That doesn’t mean that parents should be pretending that there is no stress. “Another thing to model is that there is not necessarily a perfect way to deal with this,” Dr. Manasse said. Instead of “modeling perfection,” what you can model is emotional communication, she said, acknowledging the stress and anxiety, coping with staying inside: “It’s OK to have anxiety, it’s OK to be stressed out, to have all these different feelings, but they don’t have to determine my behavior.”

Rely on routines, Dr. Lumeng advised, with meals and snacks at scheduled times. Schedule one or two snacks a day, depending on the child’s age — and for young children it may help to follow the routines they knew in day care.

Boredom can be an important factor. But as we all know, the remedy for boredom is activity, structure, engagement, and this is a hard demand to place on parents who are already under plenty of stress, working from home, worrying about job loss, supervising online classes, keeping children entertained.

Dr. Knäuper said she was reluctant to add any additional stress to what parents are already going through by saying they need to create additional structure for their children, recognizing how much parents are already being asked to do. “I would be very gentle in pointing this out,” she said. “Just aim for some kind of structure, not to go totally wild in terms of getting up at 2 in the afternoon.”

As someone who treats both people struggling with being overweight and those who have eating disorders, Dr. Manasse pointed out that some people with eating disorders are finding it really hard to manage during these stressful times. For some teenagers who are worried about gaining weight, she said, because they are home, unable to pursue a normal level of activity, and surrounded by food, restricting their eating may seem like a way to feel more in control.

And in turn, since parents are home with their children, they may have a clearer window into their children’s eating habits, and may notice problems they weren’t aware of, whether secretive eating in a child’s room, or a child eating much less and avoiding mealtimes, or spending a lot of time in the bathroom and possibly purging. If parents are worried that a child may have an eating disorder, Dr. Manasse suggested looking to eating disorder centers for help via telehealth.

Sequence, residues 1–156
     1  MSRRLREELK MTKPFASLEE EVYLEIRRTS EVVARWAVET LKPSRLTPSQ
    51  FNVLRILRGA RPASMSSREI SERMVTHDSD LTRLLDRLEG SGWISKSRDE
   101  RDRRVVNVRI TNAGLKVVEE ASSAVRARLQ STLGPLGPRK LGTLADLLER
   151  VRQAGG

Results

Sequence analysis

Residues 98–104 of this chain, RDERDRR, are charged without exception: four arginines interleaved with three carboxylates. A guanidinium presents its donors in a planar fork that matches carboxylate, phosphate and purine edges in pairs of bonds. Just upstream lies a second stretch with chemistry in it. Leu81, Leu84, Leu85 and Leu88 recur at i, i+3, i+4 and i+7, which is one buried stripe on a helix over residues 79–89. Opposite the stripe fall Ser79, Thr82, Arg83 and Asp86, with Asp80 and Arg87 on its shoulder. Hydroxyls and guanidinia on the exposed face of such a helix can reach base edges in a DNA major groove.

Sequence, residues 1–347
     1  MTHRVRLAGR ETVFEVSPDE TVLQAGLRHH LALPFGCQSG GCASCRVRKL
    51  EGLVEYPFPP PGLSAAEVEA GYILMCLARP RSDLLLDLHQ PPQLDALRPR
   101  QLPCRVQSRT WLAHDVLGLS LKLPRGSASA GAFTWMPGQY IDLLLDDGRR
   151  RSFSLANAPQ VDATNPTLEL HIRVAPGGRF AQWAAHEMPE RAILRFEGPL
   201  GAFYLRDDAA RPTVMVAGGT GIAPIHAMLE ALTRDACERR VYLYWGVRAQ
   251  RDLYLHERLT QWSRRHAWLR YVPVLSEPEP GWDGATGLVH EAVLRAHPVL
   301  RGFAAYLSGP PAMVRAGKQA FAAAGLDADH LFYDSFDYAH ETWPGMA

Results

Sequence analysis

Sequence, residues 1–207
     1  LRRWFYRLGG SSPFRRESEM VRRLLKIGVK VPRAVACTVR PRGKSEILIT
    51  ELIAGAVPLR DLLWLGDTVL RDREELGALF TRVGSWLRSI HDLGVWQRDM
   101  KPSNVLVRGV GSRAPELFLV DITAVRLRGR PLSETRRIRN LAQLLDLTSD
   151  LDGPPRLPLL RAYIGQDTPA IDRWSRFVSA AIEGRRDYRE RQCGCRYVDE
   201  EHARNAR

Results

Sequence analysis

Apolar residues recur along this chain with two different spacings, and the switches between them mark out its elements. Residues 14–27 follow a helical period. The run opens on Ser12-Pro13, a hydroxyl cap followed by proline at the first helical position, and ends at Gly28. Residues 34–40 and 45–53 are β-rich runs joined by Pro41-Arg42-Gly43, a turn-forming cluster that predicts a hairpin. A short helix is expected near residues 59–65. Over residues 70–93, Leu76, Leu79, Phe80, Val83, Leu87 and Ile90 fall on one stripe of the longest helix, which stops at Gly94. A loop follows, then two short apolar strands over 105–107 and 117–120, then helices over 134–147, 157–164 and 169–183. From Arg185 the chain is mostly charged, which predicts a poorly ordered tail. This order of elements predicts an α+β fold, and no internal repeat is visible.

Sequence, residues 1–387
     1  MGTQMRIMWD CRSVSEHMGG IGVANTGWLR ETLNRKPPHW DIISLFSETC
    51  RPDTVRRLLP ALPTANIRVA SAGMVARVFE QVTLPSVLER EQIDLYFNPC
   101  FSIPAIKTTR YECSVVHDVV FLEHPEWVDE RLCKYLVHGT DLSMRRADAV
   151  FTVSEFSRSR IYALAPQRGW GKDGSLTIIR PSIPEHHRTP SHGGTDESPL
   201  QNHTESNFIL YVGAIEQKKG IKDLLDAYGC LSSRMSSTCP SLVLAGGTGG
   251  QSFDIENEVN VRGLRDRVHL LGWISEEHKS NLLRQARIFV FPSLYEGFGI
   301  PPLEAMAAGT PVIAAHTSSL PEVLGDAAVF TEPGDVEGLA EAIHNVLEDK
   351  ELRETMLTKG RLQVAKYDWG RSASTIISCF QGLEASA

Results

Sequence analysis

At the same time, she said, being home in that environment where food is available all the time can be very difficult in a different way for people who have been trying hard to follow healthy eating plans and manage their weight.

“People are having very, very different responses to this, with some people actually finding it helpful to their eating, being at home, being a little bit more wary of shopping, trying not to go through their food as quickly — but others are finding it very, very disruptive,” Dr. Manasse said.

Parents don’t have to hide these tensions from their children; Dr. Manasse suggested that parents talk with teenagers about how they are managing their own eating, but also encourage them to get creative with social interactions and stay in touch with their peer groups, for the general good of their mental health

So yes, try for basic routines, and be aware of the importance of modeling — it may help you keep yourself a little healthier as well, for your own sake and your children’s. Dr. Knäuper spoke of “gently asking the parents to reflect upon their own eating right now and how it has changed.”

But don’t be too hard on yourself, and don’t expect too much. “With all the things that have been disrupted in a child’s life, give them their milk, their mac and cheese,” Dr. Lumeng said. “Maybe right now is not the time to get them to expand their dietary repertoire to eat brussels sprouts.”

View original article here Source

Related Posts